Dutch Newspaper: Public Prosecutors Can Confiscate Bitcoins, At Least Legally

It looks as if it’s already time to update Monday’s assessment of the Netherlands as one of Europe’s Bitcoin centers.

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Dutch Newspaper: Public Prosecutors Can Confiscate Bitcoins, At Least Legally

It looks as if it’s already time to update Monday’s assessment of the Netherlands as one of Europe’s Bitcoin centers.

According to Dutch newspaper Trouw [NL and paywall], the country’s Openbaar Ministerie, or public prosecution office, can take a suspect’s digital currency and put it in a new wallet as part of an investigation.

-Someone didn't make up their minds yet

As DutchNews.nl reports:

“Once the bitcoins have been transferred to the justice ministry they are immediately cashed in. So far several hundred pieces of the virtual currency have been confiscated, worth several hundred thousand euros.”

The key here, that news site reports, is three rulings by Dutch judges that allowed Bitcoins and other digital currencies to be classified as “objects,” thus subject to confiscation per Dutch law.

Practical, Ethical and Other Matters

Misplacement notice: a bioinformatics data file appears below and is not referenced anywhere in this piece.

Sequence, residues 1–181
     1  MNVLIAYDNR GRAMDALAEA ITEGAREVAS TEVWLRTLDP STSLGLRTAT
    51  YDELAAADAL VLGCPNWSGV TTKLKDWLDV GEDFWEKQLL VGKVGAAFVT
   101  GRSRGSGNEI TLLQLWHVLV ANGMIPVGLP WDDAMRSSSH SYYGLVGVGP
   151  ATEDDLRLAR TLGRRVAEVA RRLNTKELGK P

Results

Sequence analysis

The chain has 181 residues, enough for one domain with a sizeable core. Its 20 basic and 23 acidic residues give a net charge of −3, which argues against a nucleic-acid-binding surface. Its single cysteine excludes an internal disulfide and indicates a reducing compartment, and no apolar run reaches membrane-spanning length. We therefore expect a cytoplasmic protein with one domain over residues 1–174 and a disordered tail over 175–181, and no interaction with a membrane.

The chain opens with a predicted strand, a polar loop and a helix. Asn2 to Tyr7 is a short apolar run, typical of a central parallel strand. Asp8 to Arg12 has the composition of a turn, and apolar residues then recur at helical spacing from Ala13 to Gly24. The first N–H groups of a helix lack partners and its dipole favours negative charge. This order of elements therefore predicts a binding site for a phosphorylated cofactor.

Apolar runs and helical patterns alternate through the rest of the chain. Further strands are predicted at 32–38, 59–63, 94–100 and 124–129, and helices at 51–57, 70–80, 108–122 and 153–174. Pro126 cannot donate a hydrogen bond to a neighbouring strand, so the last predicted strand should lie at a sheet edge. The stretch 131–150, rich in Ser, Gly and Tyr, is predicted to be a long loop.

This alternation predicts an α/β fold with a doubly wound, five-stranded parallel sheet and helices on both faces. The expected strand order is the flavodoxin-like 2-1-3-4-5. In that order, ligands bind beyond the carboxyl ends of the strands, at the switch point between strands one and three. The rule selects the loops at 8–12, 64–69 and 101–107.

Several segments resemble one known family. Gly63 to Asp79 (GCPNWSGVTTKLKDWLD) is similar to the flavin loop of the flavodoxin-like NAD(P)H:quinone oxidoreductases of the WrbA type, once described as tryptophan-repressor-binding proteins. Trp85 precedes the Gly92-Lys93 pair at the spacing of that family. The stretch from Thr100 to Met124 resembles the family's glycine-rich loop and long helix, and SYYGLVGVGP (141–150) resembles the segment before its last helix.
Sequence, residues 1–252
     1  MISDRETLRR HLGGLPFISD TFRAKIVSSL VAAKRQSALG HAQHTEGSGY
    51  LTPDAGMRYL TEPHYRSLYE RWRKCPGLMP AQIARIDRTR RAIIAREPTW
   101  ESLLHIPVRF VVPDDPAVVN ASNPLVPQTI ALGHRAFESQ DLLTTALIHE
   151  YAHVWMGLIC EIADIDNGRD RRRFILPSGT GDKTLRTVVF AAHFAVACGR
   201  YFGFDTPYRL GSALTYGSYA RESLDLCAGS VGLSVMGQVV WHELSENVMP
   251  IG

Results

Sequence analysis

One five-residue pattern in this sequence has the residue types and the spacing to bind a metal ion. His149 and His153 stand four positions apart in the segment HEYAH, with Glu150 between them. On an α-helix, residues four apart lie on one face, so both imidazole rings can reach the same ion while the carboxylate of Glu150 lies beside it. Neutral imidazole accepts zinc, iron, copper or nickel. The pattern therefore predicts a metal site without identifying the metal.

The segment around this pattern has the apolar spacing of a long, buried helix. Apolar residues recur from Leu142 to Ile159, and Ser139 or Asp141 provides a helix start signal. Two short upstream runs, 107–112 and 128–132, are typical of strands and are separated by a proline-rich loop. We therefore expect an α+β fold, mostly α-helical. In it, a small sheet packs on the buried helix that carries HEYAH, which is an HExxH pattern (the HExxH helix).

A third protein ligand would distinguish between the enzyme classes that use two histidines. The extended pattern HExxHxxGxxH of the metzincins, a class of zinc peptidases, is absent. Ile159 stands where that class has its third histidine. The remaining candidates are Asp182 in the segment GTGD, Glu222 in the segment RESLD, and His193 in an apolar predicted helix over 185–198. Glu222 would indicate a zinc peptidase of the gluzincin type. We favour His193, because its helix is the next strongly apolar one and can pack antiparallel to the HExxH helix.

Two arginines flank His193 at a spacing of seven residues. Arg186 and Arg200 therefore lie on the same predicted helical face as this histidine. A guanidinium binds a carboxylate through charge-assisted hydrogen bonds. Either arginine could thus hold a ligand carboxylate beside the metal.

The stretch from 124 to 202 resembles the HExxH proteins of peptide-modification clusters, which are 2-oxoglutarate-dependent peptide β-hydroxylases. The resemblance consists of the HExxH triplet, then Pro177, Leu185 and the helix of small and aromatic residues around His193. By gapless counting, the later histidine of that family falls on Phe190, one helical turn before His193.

OK, that covers the Dutch government’s legal ability to grab a suspect’s money. But in practice? That could be much harder. How could law enforcement officials coerce someone to divulge his or her private keys? What if that user had a multisig wallet?

Bitcoin Foundation Executive Director Jon Matonis, who wrote about key disclosure laws for Forbes in 2012, told us that a user's memory could present a big enough obstacle to prevent most forms of bitcoin confiscation.

“Financial privacy is a fundamental human right, which even includes 'knowledge of balance' existence and/or protection from unsanctioned access.

“With brainwallets or encrypted wallets, confiscation of bitcoin would only be possible with consent of the wallet holder or some form of torture to obtain the relevant passphrases.

“Any party or group forcibly demanding key disclosure in violation of this privacy principle commits a human rights violation, which could be subject to criminal prosecution similar to the prosecution of international war crimes.”

Coinify's Lasse Birk Olesen took the idea one step further by introducing the possibility of a second brainwallet, “One with a small sum of bitcoins to reveal to the confiscator to make him believe he already got everything there is, and a second wallet to keep secret that contains the majority of the owner's coins.”

The practical matter of confiscating bitcoins becomes considerably more complex with just the introduction of another brainwallet. How prepared are Dutch investigators to exercise their legal right of confiscation?

Perhaps we will see these issues play out soon as test cases in the Netherlands. In the meantime, Dutch readers, there is still time to celebrate your country’s first two-way Bitcoin ATM, which was just installed in Amsterdam recently.

 

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